Success with harm reduction has recently been achieved in Tajikistan. HIV epidemic amongst injecting drug users also seems to stabilize and even decline. Unfortunately, HIV is still increasing as now it also enters wider community around people who use drugs (PUD) and other key populations. Sexual transmission of HIV is rising, and women is the most vulnerable group in this new wave of HIV infections. Besides, in Tajikistan there are other health related issues with tuberculosis, hepatitis and sexual and reproductive health. These are the observations of AFEW International’s director of the programs Janine Wildschut who visited Tajikistan last week to monitor the work of ‘Bridging the Gaps: health and rights for key popualtions’ programme.
Empowering women is the aim
Within ‘Bridging the Gaps’ programme, AFEW Tajikistan with its partners are focusing on service delivery mainly for female drug users, female prisoners, wives and spouses of PUD. Through the Comprehensive Service Delivery Centre in Qurghonteppa, AFEW Tajikistan is delivering a broad range of services for vulnerable groups, where all groups are welcome.
“We face the issues with health and with the rights of individuals. We want to empower women to take care about themselves, and it is very important to support them in speaking out for their interest and needs,” Janine is saying. “AFEW Tajikistan offers the unique opportunity to have HIV test on the base of the NGO. They also offer wider psycho social support and client management for women based on their needs.”
In Tajikistan Janine also conducted assessment amongst PUD that have labor migration experience. With the support of Open Society Institute Tajikistan, AFEW Tajikistan is supporting labour migrating women returnees with client management. During the focus groups, different women were asked about their needs, quality of services they received, ideas for further improvements and their lives.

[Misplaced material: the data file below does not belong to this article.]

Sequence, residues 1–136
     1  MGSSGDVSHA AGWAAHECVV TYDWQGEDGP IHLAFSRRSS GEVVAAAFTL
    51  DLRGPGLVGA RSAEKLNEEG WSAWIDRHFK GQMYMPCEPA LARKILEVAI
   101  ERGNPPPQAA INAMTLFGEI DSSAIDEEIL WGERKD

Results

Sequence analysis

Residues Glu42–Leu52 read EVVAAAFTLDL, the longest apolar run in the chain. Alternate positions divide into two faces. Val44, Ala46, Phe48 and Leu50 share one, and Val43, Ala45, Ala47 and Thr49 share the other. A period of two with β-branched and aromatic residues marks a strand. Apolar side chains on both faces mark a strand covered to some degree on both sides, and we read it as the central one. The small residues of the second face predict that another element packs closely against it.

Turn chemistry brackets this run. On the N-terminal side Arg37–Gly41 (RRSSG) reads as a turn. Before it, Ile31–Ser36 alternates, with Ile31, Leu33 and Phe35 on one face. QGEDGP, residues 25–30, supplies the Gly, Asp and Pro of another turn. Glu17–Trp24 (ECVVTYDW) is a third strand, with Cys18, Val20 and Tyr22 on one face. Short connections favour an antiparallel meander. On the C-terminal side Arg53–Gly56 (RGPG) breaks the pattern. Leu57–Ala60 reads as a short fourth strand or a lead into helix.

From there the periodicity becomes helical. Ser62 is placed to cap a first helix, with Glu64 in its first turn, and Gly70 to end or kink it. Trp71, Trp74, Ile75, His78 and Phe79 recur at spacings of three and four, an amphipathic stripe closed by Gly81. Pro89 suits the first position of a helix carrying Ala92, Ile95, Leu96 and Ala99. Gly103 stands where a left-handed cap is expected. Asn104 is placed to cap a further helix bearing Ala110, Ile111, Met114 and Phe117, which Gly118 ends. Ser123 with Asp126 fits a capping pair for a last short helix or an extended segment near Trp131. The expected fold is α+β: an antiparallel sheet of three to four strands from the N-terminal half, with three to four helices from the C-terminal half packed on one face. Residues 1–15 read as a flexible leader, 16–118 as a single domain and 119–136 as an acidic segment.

Starting vocational training
Janine Wildschut also conducted interviews with NGO partners about the situation for civil society in Tajikistan, spoke with governmental partners within the health department and penitentiary system and worked with AFEW Tajikistan staff on the development and strategies within the next years of the ‘Bridging the Gaps’ programme.
“During the focus group, opioid substitution therapy (OST) clients expressed the uniqueness of the service centre in Qurghonteppa. The biggest challenge for people is to travel every day to the OST point to pick up their methadone, since some of them live quite far and have little resources to spend on transportation,” Janine noticed. “Located nearby, AFEW branch is of big help since they can, after picking up OST, go for health checkup, self-support group or use some other support. Nowadays they are experiencing less discrimination and not such bad treatment of public health facilities because with the AFEW partner network and the AFEW referral vouchers, the attitude and climate in the health facilities in Khatlon region improved a lot. Besides, the support of social workers decreased the level of self-stigma which makes people less fearful to visit public health services.”
The biggest challenge people still face is the lack of work and education. For that reason, AFEW Tajikistan is considering the option of starting vocational training and enterprise. These plans will be developed in collaboration with experts and micro credit organizations that are part of the partner network.